It was well known that we were slaves in Egypt, and also well known, including by the “mighty of Moav” (Sh’mos 15:15), when G-d took us out. [It should be noted that at that time, until Sichone conquered land from Moav, Amon and Moav weren’t separate countries, but one country for all of Lot’s descendants, with a province where those who came from “Ben-Ami,” the “B’nay Amon,” lived; see Malbim on D’varim 23:4.] Our leaving Egypt should have been of much significance to these cousins of ours, since Lot had been in Egypt with Avraham, and when he left with him became a man of great wealth (B’reishis 13:5). Hearing about our redemption must have had a profound impact on them (as the verse referenced above testifies), but knowing that we had just crossed the sea into the wilderness also had to make them wonder how we could survive. What should they do? Should they let us starve and wither away in the desert, or remember what our ancestor did for theirs and bring us provisions?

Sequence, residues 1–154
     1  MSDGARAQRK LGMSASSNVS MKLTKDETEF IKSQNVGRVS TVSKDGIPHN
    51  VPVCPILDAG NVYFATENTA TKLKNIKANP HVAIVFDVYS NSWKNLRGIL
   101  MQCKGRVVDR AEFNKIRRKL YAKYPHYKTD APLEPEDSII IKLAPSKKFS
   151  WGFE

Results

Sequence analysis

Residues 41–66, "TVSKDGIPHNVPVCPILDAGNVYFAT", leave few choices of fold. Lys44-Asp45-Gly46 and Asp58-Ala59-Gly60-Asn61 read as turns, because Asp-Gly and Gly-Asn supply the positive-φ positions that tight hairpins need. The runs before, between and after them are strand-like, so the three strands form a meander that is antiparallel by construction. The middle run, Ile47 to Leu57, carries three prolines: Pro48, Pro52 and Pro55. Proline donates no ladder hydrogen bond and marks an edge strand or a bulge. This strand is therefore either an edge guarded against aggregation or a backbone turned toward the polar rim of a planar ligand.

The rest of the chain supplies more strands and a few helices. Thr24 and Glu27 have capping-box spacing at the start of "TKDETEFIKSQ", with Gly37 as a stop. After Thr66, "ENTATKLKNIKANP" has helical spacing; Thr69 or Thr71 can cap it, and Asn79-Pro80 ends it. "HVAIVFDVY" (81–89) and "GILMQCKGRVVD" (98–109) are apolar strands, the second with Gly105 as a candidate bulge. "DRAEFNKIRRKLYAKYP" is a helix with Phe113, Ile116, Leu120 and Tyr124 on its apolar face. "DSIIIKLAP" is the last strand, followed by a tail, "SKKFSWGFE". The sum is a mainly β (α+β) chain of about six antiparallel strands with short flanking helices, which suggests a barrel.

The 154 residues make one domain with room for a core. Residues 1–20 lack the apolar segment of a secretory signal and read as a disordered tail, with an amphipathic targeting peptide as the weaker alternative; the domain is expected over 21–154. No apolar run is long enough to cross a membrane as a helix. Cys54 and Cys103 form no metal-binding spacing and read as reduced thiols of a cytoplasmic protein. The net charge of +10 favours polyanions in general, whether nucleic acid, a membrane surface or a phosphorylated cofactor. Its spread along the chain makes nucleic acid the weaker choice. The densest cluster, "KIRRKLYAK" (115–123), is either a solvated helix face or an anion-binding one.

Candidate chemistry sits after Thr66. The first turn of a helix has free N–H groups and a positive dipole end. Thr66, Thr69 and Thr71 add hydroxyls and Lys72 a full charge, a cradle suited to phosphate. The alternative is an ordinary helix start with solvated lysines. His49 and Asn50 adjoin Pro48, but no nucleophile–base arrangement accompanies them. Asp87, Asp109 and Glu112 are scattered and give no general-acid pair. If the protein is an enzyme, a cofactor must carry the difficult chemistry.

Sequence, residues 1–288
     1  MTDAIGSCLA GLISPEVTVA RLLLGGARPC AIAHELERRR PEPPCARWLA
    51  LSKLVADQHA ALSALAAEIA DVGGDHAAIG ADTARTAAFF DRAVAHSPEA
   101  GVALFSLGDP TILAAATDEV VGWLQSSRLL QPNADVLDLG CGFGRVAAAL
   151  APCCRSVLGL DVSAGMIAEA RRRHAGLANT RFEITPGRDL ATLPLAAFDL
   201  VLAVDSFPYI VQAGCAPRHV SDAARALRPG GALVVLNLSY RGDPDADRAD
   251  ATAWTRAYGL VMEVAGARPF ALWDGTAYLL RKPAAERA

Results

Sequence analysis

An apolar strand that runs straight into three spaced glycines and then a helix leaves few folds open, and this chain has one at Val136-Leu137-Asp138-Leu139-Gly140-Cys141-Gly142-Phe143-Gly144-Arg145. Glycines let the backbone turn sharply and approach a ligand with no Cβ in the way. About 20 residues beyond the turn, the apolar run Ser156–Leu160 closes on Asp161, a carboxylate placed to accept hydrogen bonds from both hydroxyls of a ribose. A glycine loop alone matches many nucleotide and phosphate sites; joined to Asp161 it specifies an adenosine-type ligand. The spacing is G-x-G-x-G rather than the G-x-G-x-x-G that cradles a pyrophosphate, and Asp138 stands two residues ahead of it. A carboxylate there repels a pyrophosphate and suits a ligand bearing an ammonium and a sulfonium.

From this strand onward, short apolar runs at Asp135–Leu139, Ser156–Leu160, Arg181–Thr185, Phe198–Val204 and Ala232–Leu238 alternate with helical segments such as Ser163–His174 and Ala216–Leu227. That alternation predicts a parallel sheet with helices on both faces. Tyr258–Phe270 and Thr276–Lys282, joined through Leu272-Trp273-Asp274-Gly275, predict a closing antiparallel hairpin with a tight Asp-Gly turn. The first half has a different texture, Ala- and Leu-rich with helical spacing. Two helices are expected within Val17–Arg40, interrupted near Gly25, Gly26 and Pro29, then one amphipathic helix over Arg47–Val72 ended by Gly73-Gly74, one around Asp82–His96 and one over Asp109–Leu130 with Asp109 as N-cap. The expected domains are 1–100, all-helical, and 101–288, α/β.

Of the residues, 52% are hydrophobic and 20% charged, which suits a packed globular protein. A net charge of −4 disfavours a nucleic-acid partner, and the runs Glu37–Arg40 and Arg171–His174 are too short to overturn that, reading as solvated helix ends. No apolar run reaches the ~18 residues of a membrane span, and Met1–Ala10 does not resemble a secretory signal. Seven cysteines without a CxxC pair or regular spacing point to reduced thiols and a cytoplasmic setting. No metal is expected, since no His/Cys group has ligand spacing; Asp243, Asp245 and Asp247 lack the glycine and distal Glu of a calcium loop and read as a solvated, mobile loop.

This was a major topic of discussion not only among the leaders of Amon/Moav, but among the general populace as well, as any individual so inclined could have brought us bread and water. But they didn’t. They decided that rather than showing gratitude towards Avraham and acknowledging what he did for Lot, which allowed them to become a nation (including living on Land given to them because of Avraham), they would stay home and let this new emerging nation suffer, and perhaps perish, in the harsh wilderness. Even though their country was very far away, it was an issue they grappled with, and made a decision about (both collectively and individually).